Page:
(A PDF version will all of the Best Practices for Bank Boards has been added to our White Papers.)
I frequently speak to groups of bank CEOs and directors at state and national conferences. One of my favorite topics is “best practices for bank boards.” The audience reaction always confirms my belief that bank boards of directors all face the same fundamental challenges, regardless of the size or geographic location of the bank and the shareholder base which they serve. Boards of directors are groups of people, and every group of people develops its own set of shared expectations and priorities. It can be helpful for a bank board to occasionally take the time to reflect on its approach to self governance and decision making, especially when this is done by examining the experience and success of other boards of directors in the industry.
This is the fourth and final article in a series on best practices for bank boards. (Parts 1, 2 and 3 can be found here, here and here, respectively.) Over the past several decades my partners and I have worked with hundreds of bank boards. Regardless of the size of the entity we have noticed a number of common characteristics and practices of the most effective boards of directors. This series of articles describes ten of those best practices. The first three articles in the series focused on the best practices of selecting good board members, adopting a meaningful agenda, providing the board with the most useful information, encouraging board participation, making the committees work, meeting in executive session, making use of a nominating committee and director assessments, and participating in the examination process. In this article I will discuss the last two best practices – developing real board leadership and making use of special purpose board meetings.
Best Practice No. 9 – Develop Real Board Leadership
Every board should periodically evaluate whether it has effective leadership. Just as no director has a “right” to sit on a board, which gives rise to the need for director assessments and evaluations, leadership positions are also not tenured. To be effective a leader must be engaged, prepared for meetings, willing to take on difficult issues, and, in my view, willing to lead by example. Burn-out and growing complacency can be expected in all leadership roles. The ability and willingness to recognize and address these issues when they arise, and not delay action over time, is in the best interests of a board and the bank and shareholder base which it serves.
If the CEO is also chairman of the board, is that arrangement working for the board? A test for whether such an arrangement is working is for the non-management independent directors to consider whether the board is truly making its own decisions. If not, then reconsider the existing leadership structure and, at a minimum, appoint a Lead Director to bring more balance to the board’s decision making process and better ensure a flow of important information to the board.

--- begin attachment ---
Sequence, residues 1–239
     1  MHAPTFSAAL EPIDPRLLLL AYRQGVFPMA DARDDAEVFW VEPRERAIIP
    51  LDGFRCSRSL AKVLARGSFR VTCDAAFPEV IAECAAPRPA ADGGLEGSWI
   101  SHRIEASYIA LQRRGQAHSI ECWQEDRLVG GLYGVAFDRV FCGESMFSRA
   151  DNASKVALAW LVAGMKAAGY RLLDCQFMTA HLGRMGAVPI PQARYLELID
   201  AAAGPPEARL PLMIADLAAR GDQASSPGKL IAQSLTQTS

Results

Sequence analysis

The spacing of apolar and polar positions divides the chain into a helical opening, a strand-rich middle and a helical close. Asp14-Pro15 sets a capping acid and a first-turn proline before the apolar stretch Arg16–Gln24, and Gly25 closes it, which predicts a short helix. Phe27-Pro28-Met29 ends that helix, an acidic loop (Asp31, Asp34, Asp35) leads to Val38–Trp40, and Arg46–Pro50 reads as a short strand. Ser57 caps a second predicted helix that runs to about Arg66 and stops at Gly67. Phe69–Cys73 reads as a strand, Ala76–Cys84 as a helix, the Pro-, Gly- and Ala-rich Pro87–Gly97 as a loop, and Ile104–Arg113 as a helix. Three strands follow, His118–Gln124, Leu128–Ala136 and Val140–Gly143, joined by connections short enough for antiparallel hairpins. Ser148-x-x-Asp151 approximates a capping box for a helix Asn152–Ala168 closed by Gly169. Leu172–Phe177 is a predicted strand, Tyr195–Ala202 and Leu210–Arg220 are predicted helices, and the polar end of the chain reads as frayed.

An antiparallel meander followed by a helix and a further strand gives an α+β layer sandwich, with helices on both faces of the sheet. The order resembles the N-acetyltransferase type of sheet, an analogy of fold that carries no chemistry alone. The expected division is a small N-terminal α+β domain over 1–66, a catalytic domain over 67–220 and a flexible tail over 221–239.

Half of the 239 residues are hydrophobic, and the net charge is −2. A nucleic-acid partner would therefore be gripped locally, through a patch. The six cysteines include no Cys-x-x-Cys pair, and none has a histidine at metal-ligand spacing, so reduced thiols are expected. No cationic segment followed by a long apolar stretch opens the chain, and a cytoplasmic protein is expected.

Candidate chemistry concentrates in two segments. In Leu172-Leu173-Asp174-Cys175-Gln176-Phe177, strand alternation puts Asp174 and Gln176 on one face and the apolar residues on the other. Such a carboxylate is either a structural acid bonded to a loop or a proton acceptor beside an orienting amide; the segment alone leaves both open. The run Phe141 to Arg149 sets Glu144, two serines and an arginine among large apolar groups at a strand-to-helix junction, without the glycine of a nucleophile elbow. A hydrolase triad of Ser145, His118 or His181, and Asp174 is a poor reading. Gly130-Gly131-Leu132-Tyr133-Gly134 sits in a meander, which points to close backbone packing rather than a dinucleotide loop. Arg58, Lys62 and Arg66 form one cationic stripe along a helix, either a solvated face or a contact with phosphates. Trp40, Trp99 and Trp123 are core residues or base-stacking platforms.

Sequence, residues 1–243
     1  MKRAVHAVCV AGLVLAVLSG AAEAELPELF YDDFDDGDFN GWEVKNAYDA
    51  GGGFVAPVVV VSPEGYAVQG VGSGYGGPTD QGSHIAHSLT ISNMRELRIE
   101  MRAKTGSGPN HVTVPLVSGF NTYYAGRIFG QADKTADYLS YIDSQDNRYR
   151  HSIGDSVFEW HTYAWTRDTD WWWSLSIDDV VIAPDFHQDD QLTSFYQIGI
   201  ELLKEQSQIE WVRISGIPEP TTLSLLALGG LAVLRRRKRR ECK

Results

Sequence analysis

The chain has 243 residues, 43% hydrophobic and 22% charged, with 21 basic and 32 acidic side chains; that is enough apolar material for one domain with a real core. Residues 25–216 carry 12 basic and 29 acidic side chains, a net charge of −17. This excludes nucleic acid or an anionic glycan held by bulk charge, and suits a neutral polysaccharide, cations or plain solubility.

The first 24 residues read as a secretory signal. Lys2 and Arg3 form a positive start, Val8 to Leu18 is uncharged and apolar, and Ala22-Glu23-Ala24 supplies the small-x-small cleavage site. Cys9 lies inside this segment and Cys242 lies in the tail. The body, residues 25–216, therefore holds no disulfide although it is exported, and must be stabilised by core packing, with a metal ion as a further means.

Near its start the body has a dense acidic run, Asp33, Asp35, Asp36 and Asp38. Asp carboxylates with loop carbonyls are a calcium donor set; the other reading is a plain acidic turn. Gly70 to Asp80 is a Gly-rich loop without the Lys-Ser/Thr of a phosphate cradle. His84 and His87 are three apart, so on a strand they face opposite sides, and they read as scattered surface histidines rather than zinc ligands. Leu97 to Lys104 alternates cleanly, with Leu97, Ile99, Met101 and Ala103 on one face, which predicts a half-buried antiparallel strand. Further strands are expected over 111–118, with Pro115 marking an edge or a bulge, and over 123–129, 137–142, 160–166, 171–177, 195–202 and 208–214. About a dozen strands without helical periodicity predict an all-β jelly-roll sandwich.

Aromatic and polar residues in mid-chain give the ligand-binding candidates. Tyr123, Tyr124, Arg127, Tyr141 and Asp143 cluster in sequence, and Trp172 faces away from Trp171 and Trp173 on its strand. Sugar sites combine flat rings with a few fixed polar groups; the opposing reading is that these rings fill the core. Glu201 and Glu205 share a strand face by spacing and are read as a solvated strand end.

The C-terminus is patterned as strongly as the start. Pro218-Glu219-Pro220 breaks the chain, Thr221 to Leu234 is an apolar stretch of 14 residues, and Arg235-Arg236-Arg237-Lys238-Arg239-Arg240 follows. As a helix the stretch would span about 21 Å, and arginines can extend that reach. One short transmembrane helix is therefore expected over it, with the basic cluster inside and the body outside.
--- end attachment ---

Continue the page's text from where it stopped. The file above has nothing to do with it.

Also, consider rotating committee leadership on a regular basis, particularly among the most important committees such as audit, ALCO and loan committee. Fresh leadership perspective can be an effective risk management tool.
Best Practice No. 10 – Make use of Special Purpose Board Meetings
Have at least two meetings a year dedicated to focusing on the bank’s strategy and why it works (or should work) and its strengths and challenges. Include in one such meeting a discussion of “Buy, Sell or Hold,” since management needs to know the direction of the board on this fundamental issue in order to effectively run the bank and position it for the future.
Consider scheduling a special meeting to address any questions or concerns that directors may have but won’t express in a regular board meeting. For example, in this time of increased regulatory burden and more aggressive regulatory enforcement, many directors are interested in knowing what their personal liability exposure is and what protections exist, whether they ask or not. Directors are also very interested these days in hearing a more complete description of the impact of Dodd-Frank and the scope of authority and impact of the CFPB.
Finally, consider setting aside most or all of a board meeting to have the directors hear directly from the key senior staff of the bank. This can be helpful in the directors gaining confidence in the bank’s overall management team, and it can also be a source of insight into the strength of the institution. Good banking is fundamentally about good people, and in-person communication is the best way for the board to take the measure of the bank’s people.
I appreciate your time in reading this series of articles, and I wish you and your board great success.
This is the fourth and final article in a series by Jim McAlpin on Best Practices for Bank Boards. It was originally published on BankDirector.com.